Early Voting

Not so long ago, Americans assembled on one designated day — Election Day — to choose our national leaders.

For those unable to cast votes on Election Day, early voting and absentee ballots are available options. In-person early voting has the advantage of the individual citizen at a polling place after check-in by election officials.

Today, however, early voting periods have been stretched to absurd lengths, with some states beginning their voting for the November election more than a month or more in advance. There is no empirical evidence that early voting increases turnout, but it does have serious downsides, including:

    • Producing less-informed voters. After casting an early ballot, a voter checks out of the national debate regardless of what happens. They won’t care about the televised debates, won’t consider options, and won’t fully participate in the political process. Many voters have occasionally complained to election officials and representatives of a desire to recast their vote because they have changed their mind. In most, if not all states, this is impossible to do with early voting.
    • Increasing election administration and campaign costs. Elections that drag on for weeks require the logistical costs of administering an election, including more poll workers and salaries associated with the voting process.
    • Facilitating double voting and vote fraud. Counties that utilize early voting need to have the necessary technology to ensure simultaneous verification and record of vote history. Early voting allows voters to vote anywhere in the county, not simply in their precinct. The jurisdictions must have the necessary voting equipment, statewide registration system, and electronic poll book system to prevent individuals from voting more than once in the state or county during the early voting period. It is also more difficult for political parties to secure sufficient poll watchers to monitor polling places for an extended early voting period.

ACRU Commentary

ACRU’s Blackwell: How low will Democrats go on pushing Jim Crow narrative?

Many on the left claim that voting integrity measures, such as voter ID, are throwbacks to the Jim Crow era. Since Jim Crow laws were enacted by Southern Democrats to force racial segregation and block economic and political power among Black Americans, Democrats should know their current claims are preposterous. As the old saying goes, “they have a lot of nerve.”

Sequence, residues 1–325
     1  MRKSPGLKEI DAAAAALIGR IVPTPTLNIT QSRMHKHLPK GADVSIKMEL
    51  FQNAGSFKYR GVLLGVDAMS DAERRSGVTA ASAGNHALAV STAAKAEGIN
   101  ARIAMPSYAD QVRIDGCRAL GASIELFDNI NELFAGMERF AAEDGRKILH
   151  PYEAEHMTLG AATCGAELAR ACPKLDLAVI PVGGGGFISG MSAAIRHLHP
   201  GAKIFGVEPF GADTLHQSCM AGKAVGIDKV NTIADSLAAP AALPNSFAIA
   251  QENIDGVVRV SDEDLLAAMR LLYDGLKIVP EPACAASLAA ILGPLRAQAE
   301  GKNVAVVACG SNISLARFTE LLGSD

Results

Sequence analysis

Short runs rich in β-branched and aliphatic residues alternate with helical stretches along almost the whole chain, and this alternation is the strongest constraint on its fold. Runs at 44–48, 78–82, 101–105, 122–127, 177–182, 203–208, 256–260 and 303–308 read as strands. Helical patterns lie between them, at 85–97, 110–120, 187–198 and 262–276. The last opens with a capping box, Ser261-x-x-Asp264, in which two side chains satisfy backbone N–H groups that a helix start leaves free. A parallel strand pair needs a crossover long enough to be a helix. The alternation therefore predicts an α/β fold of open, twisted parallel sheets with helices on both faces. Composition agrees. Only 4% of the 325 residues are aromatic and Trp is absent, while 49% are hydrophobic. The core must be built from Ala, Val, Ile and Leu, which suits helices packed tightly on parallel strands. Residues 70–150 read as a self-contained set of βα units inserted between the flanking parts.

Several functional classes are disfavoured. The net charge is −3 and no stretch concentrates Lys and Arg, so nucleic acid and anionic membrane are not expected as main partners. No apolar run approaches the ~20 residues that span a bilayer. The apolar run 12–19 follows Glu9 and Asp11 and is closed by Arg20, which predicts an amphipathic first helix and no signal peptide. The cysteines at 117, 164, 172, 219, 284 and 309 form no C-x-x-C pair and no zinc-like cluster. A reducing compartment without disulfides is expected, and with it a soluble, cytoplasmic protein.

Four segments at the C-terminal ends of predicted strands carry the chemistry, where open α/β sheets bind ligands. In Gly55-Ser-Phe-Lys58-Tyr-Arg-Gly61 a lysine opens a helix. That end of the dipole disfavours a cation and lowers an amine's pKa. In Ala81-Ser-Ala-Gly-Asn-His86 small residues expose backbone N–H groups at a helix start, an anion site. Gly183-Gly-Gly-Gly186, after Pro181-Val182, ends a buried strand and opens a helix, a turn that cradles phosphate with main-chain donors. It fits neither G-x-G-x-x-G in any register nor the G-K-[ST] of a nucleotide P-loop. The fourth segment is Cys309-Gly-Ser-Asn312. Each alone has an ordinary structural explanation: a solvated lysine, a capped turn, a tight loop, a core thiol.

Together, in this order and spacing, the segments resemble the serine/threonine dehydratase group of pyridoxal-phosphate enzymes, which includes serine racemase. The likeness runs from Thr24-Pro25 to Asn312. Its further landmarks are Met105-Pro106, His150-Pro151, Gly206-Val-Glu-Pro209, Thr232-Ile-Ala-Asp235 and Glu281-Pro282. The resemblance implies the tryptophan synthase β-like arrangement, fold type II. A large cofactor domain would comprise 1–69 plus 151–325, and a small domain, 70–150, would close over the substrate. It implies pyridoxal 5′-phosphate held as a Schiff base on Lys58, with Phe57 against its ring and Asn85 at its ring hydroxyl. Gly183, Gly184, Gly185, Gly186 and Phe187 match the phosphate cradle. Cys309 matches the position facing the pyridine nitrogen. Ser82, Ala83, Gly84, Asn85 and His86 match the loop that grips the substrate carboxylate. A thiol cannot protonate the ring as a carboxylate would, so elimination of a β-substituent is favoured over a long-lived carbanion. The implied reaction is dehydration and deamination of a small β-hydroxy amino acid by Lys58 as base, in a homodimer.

Why We Black Leaders Support Voter ID Laws

America is a country of over 300 million people. We are comprised of every shape, size, nationality, and opinion. This diversity has proven to be one of our greatest strengths.However, if you listened to largely white liberal media personalities and elite CEOs, you wouldn’t know this. According to liberal orthodoxy, all Blacks think alike, and all Blacks support Black Lives Matter, and all Blacks oppose the recently enacted Georgia Election Integrity Act.

ACRU’s Blackwell: Goodbye, Election Day. Hello Corrupt Politicians Act

A notorious bill moving through Congress – H.R. 1 – contains a swarm of bad ideas. But little noticed is a provision that makes Election Day obsolete. We’ve lost so many unifying cultural events that bring Americans together, it is no surprise that H.R.1 not only would start the election weeks earlier, but also prolong the election well after Election Day.

Is postal incompetence or deliberate malfeasance responsible for missing votes?

Sometimes ballots magically appear, and sometimes they magically disappear. According to hundreds of GOP voters in the Keystone State, they requested and returned mail ballots, but their votes are not registered on state databases. This was discovered by a small sampling by a vote integrity task force, leading us to wonder how many other missing votes remain missing.

ACRU Action Board Member Ken Blackwell: Legislators, not jurists, are responsible for vote integrity

“In Pennsylvania, there was a clear violation of Article II of Constitution that gives authority to state legislatures to set the calendar and electoral rules for the state’s voters - not the state judiciary, not the Governor, and not the Secretary of State. In other states, liberal lawsuits waved through by liberal judges usurped the power of the people by dismantling vote security measures passed by their state legislators. This must be corrected, and state legislative bodies must reclaim their authority to protect voters against fraud, political criminals and activist judges that overreach. A recent article from The Federalist, noted below, provides a few simple steps legislators can take to ensure the integrity of the election process.”

News

Why We Black Leaders Support Voter ID Laws

America is a country of over 300 million people. We are comprised of every shape, size, nationality, and opinion. This diversity has proven to be one of our greatest strengths.However, if you listened to largely white liberal media personalities and elite CEOs, you wouldn’t know this. According to liberal orthodoxy, all Blacks think alike, and all Blacks support Black Lives Matter, and all Blacks oppose the recently enacted Georgia Election Integrity Act.

Burgess Owens Shreds Democrats’ Comparison Of Voter Integrity Laws To Jim Crow: I ‘Actually Experienced Jim Crow’ Laws

Congressman Burgess Owens (R-UT) on Tuesday slammed Democrats’ claims that Georgia’s new voter integrity laws are somehow comparable to Jim Crow laws. The freshman congressman shared his personal experience under Jim Crow, saying that it’s “extremely offensive” to make the assumption black Americans aren’t capable of getting a form of identification.